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Dublin: 10 °C Monday 18 March, 2019

Tipp GAA chief can see reason behind Semple Stadium omisson from Ireland's RWC bid

The Thurles venue did not make the long list at the recent launch.

Semple Stadium missed out on the long list of venues.
Semple Stadium missed out on the long list of venues.
Image: Ken Sutton/INPHO

THERE WAS PLENTY anger last month in Tipperary when Semple Stadium did not make the cut for the longlist of 12 venues for Ireland’s 2023 Rugby World Cup bid.

But one prominent Tipperary GAA official can understand the logic behind the decision.

Tipperary secretary Tim Floyd believes they ‘fell victim to a strategic decision’ to pick two venues in each province while the low population in Thurles and lack of a tourism profile also costs them.

Floyd addressed the issue when writing in his annual report ahead of the 2016 Tipperary GAA Convention next Friday night.

“Different reasons have been put forward for our failure to make the cut but much of this is sheer speculation as I haven’t heard any official reason.

“We have heard about poor access, lack of accommodation, not a tourist area, but at the end of the day this was an IRFU decision in conjunction with the consultants and bidding committee headed up by Dick Spring and its Ambassador Brian O’Driscoll.

Arlene Foster, Brian O'Driscoll, Dick Spring and Martin McGuinness Arlene Foster, Brian O'Driscoll, Dick Spring and Martin McGuinness at the recent Rugby World Cup bid launch Source: Morgan Treacy/INPHO

“I am sure they had a long list of pre requisites drawn up before they ever visited our Stadium. I believe they went away after two visits very satisfied that our facilities and infrastructure were top notch so it seems when it came to ticking other boxes our location fell short.

“I believe we fell victim to a strategic decision which geographically selected venues based on capacity, location and tourism. Regarding location I believe they selected eight GAA venues which divided into two in each Province. Cork’s city base and Kerry’s tourism scored a lot heavier than Thurles where we have just an 8,000 population capacity and a low profile tourism tradition .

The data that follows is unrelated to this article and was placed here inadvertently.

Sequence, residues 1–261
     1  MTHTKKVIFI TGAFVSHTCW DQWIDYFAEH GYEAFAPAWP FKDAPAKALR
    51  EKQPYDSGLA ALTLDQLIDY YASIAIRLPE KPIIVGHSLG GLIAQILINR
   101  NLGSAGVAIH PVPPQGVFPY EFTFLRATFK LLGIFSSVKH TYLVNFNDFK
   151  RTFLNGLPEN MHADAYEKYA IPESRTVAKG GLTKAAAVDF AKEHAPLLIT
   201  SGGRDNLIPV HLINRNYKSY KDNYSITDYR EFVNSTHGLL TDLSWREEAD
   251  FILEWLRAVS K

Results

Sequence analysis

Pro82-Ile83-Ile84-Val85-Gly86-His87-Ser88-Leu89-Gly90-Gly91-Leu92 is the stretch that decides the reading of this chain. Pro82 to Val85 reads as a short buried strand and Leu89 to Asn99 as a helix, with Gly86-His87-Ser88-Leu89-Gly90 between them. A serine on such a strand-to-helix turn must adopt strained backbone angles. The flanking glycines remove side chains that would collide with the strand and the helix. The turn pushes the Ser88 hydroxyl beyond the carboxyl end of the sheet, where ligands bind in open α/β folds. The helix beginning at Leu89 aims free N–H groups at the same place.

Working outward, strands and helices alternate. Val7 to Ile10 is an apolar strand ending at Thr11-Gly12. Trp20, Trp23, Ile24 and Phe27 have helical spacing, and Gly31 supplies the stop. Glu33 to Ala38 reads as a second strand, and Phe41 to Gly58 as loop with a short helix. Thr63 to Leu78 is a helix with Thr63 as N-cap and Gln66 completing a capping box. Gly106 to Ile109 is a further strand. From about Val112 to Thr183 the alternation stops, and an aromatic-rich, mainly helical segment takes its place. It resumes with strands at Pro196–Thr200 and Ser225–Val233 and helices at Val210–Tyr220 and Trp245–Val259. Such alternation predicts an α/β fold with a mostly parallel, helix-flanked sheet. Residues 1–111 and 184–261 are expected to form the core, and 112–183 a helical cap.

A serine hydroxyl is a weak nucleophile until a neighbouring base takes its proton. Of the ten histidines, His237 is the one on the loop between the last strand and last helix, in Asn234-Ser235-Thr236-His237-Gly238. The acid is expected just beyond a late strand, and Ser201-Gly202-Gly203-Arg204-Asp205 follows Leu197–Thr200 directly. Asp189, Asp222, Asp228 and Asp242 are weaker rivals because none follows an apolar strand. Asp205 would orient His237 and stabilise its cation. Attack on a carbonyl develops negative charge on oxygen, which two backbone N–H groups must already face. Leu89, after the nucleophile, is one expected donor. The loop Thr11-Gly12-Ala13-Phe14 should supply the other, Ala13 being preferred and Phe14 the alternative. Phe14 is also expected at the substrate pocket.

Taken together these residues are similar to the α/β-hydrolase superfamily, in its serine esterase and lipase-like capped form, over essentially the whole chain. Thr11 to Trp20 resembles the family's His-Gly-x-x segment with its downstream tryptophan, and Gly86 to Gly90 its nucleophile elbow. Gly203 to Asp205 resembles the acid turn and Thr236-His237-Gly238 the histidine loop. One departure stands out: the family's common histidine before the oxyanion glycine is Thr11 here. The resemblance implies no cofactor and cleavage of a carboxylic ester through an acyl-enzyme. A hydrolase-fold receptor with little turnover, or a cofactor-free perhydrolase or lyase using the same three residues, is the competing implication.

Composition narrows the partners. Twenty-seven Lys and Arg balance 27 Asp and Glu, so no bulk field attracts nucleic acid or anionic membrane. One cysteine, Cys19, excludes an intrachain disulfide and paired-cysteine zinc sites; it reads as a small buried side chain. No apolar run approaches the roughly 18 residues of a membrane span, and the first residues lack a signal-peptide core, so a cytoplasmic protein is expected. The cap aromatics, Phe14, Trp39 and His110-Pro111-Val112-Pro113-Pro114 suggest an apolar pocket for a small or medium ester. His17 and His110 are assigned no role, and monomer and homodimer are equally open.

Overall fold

“Semple Stadium ranks second only to Croke Park with over 50,000 just marginally ahead of the Gaelic Grounds Limerick which incidentally did not win their favour due I suppose to their close proximity to Thomond Park.

A view as the pitch is marked before the game Thomond Park Source: Dan Sheridan/INPHO

“Having watched previous Rugby World Cups on TV I saw a lot of mismatches in half full stadiums which I suppose does not give a good impression. Therefore I believe the bidding committee were well catered for capacity wise with Croke Park, The Aviva and Pairc Ui Chaoimh.

“These three are well capable of hosting potential big audience games featuring the All Blacks, England and not forgetting the home side Ireland plus the closing stage playoff games and the final which looks destined for Croke Park (if it happens).

“Semple Stadium’s 50,000 capacity plus our non-traditional tourist area were I believe the biggest factors for our non-inclusion. Nowlan Park ticked the box due to its city base in the Leinster province and its 25,000 approx capacity possibly put it ahead of Semple Stadium as its closest rival in the South East Region.

A view of Nowlan Park Nowlan Park Source: Donall Farmer/INPHO

“Maybe it’s better to get the bad news now as you can imagine the excitement now if Semple Stadium was included and in November 2017 the disappointment if the bid fails. Worse still if the bid was successful and Semple lost out in the possible cut from twelve to eight venues required.

“If we were lucky enough to survive as a named venue in 2023 and we end up with two games between the less renowned countries which might attract only a handful of spectators then we would say “What was all the fuss about seven years ago” Worse still we could have lost out on big GAA games as a result.

“Maybe I am just trying to soften the blow to alleviate the disappointment of not being selected.”

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About the author:

Fintan O'Toole

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